Oklahoma Bans Corporate Electioneering Communications
Joining such states as Washington (See page 1), Florida and North Carolina, Oklahoma's Ethics Commission has approved rules regulating electioneering communications, which are issue ads featuring state candidates or ballot measures that are disseminated in close proximity to elections. Like federal law, Oklahoma's new rules prohibit corporate- and union-funded electioneering communications. The new rules were effective July 1, 2005.
The term "electioneering communications" in the new Oklahoma rules is extremely broad and extends to handbills, direct mail, radio, television, newspapers, magazines and billboards. Covered electioneering communications must refer to one or more clearly identified candidates for state office, or to a ballot measure, and must be disseminated within 60 days of a general or special election or within 30 days of a primary or runoff.
In addition, covered electioneering communications in Oklahoma must be targeted to the relevant electorate. This means that the communication has been or can be received by the following:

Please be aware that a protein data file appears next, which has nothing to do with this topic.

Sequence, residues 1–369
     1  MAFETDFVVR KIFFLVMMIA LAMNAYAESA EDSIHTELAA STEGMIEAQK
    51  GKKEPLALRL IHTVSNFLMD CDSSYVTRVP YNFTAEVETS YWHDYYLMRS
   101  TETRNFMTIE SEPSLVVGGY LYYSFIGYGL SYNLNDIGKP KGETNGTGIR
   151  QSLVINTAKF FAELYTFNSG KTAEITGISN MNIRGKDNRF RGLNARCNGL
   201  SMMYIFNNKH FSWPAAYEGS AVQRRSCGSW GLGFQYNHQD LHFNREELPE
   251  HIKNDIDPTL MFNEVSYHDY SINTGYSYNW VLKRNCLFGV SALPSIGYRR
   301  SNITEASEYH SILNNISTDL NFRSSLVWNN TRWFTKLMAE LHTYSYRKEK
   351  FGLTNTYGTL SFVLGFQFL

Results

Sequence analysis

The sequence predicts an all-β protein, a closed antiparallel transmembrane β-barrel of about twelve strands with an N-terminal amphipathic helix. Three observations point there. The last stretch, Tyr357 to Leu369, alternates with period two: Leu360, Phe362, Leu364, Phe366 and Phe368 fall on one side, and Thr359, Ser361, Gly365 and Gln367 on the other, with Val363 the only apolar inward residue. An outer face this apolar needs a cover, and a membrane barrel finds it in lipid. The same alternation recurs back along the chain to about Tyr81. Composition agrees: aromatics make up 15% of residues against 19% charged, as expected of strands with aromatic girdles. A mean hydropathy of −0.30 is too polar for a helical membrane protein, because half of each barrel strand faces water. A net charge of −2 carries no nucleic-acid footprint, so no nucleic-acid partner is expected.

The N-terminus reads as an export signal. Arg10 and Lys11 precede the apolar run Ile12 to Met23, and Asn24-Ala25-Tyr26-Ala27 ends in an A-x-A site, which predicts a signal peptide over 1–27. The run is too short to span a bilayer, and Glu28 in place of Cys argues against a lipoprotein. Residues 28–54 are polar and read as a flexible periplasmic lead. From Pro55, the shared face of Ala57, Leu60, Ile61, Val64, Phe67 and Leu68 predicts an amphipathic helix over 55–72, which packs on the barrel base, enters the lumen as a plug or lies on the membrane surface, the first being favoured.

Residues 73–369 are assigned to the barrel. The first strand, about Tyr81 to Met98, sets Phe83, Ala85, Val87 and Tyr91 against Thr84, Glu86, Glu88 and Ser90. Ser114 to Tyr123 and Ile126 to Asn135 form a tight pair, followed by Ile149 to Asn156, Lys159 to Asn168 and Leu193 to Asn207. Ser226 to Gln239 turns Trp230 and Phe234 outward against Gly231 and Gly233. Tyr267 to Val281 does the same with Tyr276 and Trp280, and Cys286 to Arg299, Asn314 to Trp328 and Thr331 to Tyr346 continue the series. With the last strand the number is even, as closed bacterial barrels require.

- 2,500 or more persons in a state house district;
- 25,000 or more persons statewide (for statewide officeholders or ballot measures); or
- 5,000 or more persons in a state senate district or in a district for a district attorney, district judge or associate district judge.
Non-corporate and non-union electioneering communications must contain a prescribed disclaimer, and a person may not make an electioneering communication in the name of another. If a person makes an electioneering communication with a total value of $5,000 or more, then the person must file a statement with the Ethics Commission within 24 hours. This statement must disclose information about the person making the electioneering communication, the purpose of the electioneering communication and contributor information.